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Buffalo Starbucks stores' unionization vote to be counted Thursday afternoon

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Posted at 11:18 PM, Dec 08, 2021
and last updated 2021-12-08 23:18:43-05

BUFFALO, N.Y. (WKBW) — Michelle Eisen has been a barista at Starbucks for 11 years and she has led the effort to unionize three stores in buffalo.

“It’s been a long road,” Eisen said. “It’s been the longest three months of my entire life.”

Votes will be counted Thursday, December 9, at 1 PM.

“I have no doubt that we are going to win tomorrow,” Eisen said.

Eisen said Starbucks has made changes over the past three months…such as increasing staffing

“But those changes wouldn’t have happened had we not been in the middle of a union campaign,” Eisen said.

“Starbucks is a company that has the resources to provide its workers with good wages,” Senator Bernie Sanders said. “With good working conditions and good benefits.”

In a statement Starbucks said:

Unlike others in our industry who operate a franchise model, we have a network of company-operated stores that work together to create a better partner experience. Why does this matter? Many of you have told me you greatly value the flexibility to work between stores, to swap and pickup shifts, giving you the opportunity to connect with partners across different stores as one community. Because of this, we feel strongly that all partners in Buffalo should have a voice in the elections, which may unfortunately not be the case. While we recognize this creates some level of uncertainty, we respect the process that is underway and, independent of any outcome in these elections, we will continue to stay true to our Mission and Values.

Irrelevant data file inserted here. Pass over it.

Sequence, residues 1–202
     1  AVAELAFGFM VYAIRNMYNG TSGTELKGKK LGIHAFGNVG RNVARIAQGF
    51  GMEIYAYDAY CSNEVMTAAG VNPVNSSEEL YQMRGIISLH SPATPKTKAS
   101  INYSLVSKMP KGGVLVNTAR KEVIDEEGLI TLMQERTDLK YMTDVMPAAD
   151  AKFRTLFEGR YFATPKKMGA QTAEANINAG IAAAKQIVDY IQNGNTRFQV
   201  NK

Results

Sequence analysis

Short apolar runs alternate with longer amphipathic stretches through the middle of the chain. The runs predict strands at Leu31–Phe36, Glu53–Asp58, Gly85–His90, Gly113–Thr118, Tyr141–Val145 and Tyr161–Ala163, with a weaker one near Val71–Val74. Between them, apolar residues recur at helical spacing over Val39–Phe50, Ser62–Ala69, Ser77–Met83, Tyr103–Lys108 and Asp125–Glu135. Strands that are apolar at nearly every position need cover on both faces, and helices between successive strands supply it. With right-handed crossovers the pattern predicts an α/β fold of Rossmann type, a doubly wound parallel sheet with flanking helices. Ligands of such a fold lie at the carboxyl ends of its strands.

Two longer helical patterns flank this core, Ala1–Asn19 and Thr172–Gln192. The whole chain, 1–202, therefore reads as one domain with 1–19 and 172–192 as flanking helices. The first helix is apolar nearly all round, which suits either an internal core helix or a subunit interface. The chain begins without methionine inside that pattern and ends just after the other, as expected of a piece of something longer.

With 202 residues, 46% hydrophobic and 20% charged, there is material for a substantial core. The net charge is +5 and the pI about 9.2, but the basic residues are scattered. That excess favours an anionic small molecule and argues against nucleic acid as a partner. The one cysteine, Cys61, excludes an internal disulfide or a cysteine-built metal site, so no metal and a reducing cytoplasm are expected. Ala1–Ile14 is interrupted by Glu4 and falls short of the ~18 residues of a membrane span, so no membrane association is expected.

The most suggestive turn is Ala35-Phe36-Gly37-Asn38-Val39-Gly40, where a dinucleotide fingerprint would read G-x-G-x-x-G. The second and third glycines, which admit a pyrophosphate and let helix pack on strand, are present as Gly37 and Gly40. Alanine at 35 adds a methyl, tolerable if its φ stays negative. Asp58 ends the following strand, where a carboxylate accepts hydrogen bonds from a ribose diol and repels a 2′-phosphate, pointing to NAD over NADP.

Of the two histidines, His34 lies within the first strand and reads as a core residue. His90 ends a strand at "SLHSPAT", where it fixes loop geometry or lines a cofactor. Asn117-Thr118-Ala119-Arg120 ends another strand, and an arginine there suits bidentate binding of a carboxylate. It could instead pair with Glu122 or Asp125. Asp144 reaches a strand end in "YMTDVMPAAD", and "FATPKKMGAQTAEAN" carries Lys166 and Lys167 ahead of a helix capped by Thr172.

But union supporters said the fight will not end even if the vote goes their way.

“Your struggle is not over because you’re going to have to get them to sit down and negotiate your first contract,” Senator Sanders said.

“What we’re really going to be relying on is public pressure and community support to get them to the bargaining table,” Eisen said.

Eisen said they plan to negotiate issues like seniority pay. She said she only makes 63 cents per hour more than a new employee – despite more than a decade with the company. Eisen said communication is also a key issue that she will address in bargaining.

“There needs to be an open dialogue with corporate from the store level,” Eisen said.

And Eisen said she hopes this will help make a difference for stores across the country.

“We just want to have a voice,” Eisen said. “And if yours is that this union isn’t for you, that’s fine.”